'How many' and 'how much' dissociate in the parietal lobe

Francesca Lecce, Vincent Walsh, Daniele Didino, Marinella Cappelletti

    Research output: Contribution to journalArticlepeer-review

    6 Citations (Scopus)


    We investigated whether two features that are fundamental for quantity processing, namely numerosity and continuous quantity - or 'how many' versus 'how much' - may dissociate in the parietal lobe. Fourteen mathematically-normal participants performed a well-established numerosity discrimination task after receiving continuous theta burst transcranial magnetic stimulation (TBS) over the left or right intraparietal sulcus (IPS) or the Vertex. We performed a detailed analysis of accuracy (based on the Weber Fraction, wf), which distinguished between trials in which numerosity was anti-correlated or 'incongruent' to other continuous measures of quantity, and trials in which numerosity and other continuous features were 'congruent'. Congruent trials can be processed by integrating numerosity or continuous quantity features like cumulative area since they correlate. Instead incongruent trials can only be processed based on numerosity and requires inhibiting cumulative area or other continuous quantity features like dot size and would lead to incorrect judgment if these features are used as a proxy for numerosity. We found an increase of wf, i.e., weakened numerosity processing in incongruent but not congruent trials following left IPS-TBS, which suggests that numerosity processing was impaired while continuous quantity processing remained unchanged. Moreover, wf increased in congruent but not in incongruent trials following right IPS stimulation. We concluded that left and right parietal are respectively critical for numerosity discrimination, i.e., 'how many' or alternatively for response selection, and for integrating numerosity and continuous quantity features.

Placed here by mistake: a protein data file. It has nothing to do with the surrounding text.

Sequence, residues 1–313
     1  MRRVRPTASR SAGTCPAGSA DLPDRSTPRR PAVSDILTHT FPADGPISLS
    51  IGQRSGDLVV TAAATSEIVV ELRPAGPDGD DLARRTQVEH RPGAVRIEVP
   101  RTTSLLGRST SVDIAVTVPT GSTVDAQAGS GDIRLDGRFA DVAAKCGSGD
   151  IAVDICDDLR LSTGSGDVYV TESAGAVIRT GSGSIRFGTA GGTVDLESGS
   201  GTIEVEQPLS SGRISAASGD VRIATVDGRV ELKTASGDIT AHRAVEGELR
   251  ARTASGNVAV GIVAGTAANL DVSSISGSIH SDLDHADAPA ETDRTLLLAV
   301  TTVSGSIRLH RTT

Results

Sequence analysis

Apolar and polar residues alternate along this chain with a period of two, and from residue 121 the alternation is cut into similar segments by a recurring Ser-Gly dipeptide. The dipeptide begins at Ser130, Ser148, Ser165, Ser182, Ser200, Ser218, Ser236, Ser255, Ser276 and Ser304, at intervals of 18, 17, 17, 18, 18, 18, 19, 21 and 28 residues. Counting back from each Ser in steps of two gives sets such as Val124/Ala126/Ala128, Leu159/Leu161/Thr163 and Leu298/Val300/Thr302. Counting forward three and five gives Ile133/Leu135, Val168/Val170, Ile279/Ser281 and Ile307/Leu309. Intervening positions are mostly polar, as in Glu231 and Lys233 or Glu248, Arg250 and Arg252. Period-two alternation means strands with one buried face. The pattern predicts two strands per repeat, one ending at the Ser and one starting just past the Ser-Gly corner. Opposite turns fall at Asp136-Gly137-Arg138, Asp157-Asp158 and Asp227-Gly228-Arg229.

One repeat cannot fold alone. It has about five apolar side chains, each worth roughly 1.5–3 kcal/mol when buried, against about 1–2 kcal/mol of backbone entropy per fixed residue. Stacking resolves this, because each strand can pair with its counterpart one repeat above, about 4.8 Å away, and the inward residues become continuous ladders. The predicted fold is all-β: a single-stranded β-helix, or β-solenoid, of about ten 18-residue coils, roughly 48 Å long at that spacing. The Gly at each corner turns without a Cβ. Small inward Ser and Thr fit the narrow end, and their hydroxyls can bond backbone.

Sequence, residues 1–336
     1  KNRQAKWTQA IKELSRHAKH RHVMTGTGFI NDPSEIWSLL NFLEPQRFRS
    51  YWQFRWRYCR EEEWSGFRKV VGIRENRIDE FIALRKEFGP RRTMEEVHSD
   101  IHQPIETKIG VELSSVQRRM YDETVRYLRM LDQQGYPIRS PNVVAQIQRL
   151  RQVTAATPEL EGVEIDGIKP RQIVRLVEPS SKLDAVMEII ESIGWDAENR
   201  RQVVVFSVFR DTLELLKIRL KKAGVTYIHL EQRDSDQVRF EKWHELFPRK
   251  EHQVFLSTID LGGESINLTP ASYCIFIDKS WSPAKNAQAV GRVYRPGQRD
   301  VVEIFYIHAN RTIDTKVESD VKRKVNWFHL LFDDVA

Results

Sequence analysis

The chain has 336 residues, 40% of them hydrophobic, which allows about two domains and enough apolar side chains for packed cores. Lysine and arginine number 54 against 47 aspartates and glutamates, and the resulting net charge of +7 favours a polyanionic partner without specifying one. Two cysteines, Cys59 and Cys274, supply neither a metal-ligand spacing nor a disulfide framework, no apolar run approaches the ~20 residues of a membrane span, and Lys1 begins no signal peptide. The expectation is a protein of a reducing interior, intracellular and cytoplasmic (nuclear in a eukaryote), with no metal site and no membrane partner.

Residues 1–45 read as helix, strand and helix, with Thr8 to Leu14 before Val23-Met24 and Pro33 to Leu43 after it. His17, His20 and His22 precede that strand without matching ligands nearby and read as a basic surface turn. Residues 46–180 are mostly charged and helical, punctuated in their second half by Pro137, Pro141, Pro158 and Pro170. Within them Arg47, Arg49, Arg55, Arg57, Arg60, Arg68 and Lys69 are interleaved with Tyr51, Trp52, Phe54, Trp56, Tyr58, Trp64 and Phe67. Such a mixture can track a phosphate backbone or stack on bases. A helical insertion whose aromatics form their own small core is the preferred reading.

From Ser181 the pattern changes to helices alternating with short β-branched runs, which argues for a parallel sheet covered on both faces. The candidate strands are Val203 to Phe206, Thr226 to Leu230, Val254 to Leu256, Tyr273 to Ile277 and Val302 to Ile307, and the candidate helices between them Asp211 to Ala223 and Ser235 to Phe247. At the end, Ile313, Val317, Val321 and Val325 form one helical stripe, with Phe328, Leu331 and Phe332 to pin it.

Original languageEnglish
    Pages (from-to)73-79
    Number of pages7
    Publication statusPublished - 1 Dec 2015


    • Continuous quantity
    • Numerosity processing
    • Parietal lobe
    • TMS

    ASJC Scopus subject areas

    • Neuropsychology and Physiological Psychology
    • Experimental and Cognitive Psychology
    • Cognitive Neuroscience

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